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I'm currently concerned with the topic of Gaussian Processes. To compute the covariance matrix of the conditional distribution, we have to invert $(K_{XX})^{-1}$, where $K_{XX}$ is a matrix of a kernel function $k(x_i, x_j)$ evaluated on all pairwise training samples.

For a matrix to always have an inverse, it has to be positive definite (pd.).

However, when we check for the validity of kernels, it is often based on Mercer's Theorem and this seems to only ensure positive semi-definiteness (psd.). https://las.inf.ethz.ch/courses/introml-s20/tutorials/tutorial5-kernels2.pdf (ETH Zürich, Slide 13). https://people.eecs.berkeley.edu/~jordan/courses/281B-spring04/lectures/lec3.pdf (Berkley, Page 4).

But positive semi-definite kernels produce positive semi-definite matrices.

Could someone explain where my misconception is?
Are there valid kernels for which we get a psd matrix which may not be invertible and the Gaussian Process fails?

Edit: I know the kernels we classically use are pd as listed here: https://en.wikipedia.org/wiki/Positive-definite_kernel.
This seems to be related to the unanswered post from Is a valid kernel function have to be positive definite?

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    $\begingroup$ there is no need for the kernel matrix to be positive definite: positive semidefiniteness is enough. It's true: the way practioners of GP regression tend to use numerical linear algebra requires the kernel matrix to be of full numerical rank. (this is actually not necessary from a theoretical perspective, and using pseudo-inverses gives perfectly fine results in many cases, but let's set that aside for the moment). However, from a practical perspective, even if a kernel is theoretically positive definite, in practice the kernel matrix will still be numerically singular. $\endgroup$ May 12, 2023 at 17:51

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You have not told us what you consider a valid kernel, so I can't comment on that. But I can give you a reason why one likes to consider positive semi-definite kernels and not just positive definite ones. Just consider the following kernel:

$$ K:\mathbb{R}\times\mathbb{R}\rightarrow\mathbb{R}\quad,\quad K(x,y)=xy.$$

This may be just the canonical inner product on $\mathbb{R}$ but defines a decent real reproducing kernel Hilbert-space (RKHS) and $K$ is its reproducing kernel. The kernel even has a name: linear kernel. But notice that the kernel matrix for the points $x=1$ and $y=2$ is $$ \begin{pmatrix} 1 & 2\\2 & 4\end{pmatrix}$$ hence semi-definite.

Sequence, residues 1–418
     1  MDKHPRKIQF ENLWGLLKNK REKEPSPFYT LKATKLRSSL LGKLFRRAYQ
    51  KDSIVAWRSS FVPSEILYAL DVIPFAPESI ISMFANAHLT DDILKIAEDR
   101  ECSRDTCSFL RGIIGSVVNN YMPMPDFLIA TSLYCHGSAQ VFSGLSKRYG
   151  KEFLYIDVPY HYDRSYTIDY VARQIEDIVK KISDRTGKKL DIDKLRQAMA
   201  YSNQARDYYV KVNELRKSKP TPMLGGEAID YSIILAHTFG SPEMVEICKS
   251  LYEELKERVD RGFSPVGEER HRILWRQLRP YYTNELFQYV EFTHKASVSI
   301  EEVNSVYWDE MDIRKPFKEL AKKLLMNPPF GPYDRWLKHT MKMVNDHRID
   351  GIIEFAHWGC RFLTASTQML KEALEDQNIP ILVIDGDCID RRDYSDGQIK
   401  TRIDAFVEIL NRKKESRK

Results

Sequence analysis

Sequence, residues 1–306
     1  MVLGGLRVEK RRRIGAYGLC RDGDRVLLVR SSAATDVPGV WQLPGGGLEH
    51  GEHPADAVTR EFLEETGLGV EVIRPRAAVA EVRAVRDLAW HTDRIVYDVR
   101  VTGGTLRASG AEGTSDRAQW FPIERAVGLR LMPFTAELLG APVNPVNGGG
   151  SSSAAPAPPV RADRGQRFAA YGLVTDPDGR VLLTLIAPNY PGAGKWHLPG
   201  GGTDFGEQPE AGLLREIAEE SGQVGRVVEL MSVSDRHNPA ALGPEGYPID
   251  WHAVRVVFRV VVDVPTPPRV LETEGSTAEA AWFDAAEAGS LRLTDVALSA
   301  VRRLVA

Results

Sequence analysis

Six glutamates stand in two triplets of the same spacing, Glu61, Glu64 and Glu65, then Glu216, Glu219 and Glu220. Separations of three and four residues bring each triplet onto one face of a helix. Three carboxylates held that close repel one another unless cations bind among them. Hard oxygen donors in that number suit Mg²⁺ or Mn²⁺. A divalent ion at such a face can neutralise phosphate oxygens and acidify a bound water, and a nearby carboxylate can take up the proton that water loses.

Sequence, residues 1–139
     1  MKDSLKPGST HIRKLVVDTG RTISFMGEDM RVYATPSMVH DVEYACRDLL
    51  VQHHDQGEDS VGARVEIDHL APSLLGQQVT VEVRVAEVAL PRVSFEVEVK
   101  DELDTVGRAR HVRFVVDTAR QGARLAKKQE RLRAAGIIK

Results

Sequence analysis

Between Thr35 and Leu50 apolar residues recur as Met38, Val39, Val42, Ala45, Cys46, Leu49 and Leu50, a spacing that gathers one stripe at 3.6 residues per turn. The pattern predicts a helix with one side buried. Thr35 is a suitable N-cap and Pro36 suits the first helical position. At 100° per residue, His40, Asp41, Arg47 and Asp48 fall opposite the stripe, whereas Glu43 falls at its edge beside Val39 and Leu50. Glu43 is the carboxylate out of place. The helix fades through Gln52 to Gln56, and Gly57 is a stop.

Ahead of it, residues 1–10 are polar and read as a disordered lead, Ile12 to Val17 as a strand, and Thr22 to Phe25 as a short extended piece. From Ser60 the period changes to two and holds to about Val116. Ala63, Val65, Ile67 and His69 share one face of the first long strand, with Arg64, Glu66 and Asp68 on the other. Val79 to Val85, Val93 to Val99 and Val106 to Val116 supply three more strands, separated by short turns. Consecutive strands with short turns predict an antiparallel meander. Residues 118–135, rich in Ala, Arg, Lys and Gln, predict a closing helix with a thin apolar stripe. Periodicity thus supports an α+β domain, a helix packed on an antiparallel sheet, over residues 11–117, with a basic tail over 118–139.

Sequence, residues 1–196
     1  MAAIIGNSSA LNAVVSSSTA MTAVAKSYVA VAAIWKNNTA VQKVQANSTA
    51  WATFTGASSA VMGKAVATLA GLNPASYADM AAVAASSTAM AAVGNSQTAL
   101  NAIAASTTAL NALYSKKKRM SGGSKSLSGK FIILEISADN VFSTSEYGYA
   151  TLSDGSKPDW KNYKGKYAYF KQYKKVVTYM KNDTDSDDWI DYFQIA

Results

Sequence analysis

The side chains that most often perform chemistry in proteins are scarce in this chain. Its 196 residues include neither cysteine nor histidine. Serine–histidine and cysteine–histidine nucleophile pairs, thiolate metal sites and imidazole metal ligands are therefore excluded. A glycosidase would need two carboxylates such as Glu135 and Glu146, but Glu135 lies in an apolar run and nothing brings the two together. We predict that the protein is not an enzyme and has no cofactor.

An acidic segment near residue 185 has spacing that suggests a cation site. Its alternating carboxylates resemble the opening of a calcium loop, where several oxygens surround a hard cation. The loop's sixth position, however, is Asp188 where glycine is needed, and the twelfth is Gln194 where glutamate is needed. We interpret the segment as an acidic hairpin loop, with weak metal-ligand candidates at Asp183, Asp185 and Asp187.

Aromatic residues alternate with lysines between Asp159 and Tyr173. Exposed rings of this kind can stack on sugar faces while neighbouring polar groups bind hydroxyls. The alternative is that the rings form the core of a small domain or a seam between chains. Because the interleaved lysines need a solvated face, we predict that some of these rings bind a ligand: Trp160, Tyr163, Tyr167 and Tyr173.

This is no accident. Consider the canonical feature map of this RKHS. This is the map which associates with a point $x\in\mathbb{R}$ the function (= vector in the RKHS) $k_x$ with the property that $k_x(z)=K(x,z)=xz.$ It is not difficult to see that for any two points $x,y$ the respective functions $k_x$ and $k_y$ are scalar multiples of each other. Since the canonical features span the RKHS, you can conclude that the feature space is one-dimensional and in a one-dimensional space each Gram-Matrix (=Kernel matrix) has at most rank one.

This generalizes to feature spaces of arbitrary but finite dimension, where the kernel is defined on an infinite set. If your feature space is $n$-dimensional you pick $n+1$ points and the according feature vectors will be linearly dependent and their Gram/Kernel Matrix semi-definite.

To conclude, insisting on positive definite Kernels, would exclude finite dimensional RKHS, which does not make a lot of sense.

And of course if you want all Kernel matrices invertible, on infinite domains of definition, you need a Kernel with infinite dimensional feature space.

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    $\begingroup$ "And of course if you want all Kernel matrices invertible, on infinite domains of definition, you need a Kernel with infinite dimensional feature space." note that this is only sufficient for the "true" rank of the kernel matrix; it will be insufficient for the numerical rank of a kernel matrix stored on a computer. $\endgroup$ May 12, 2023 at 18:03

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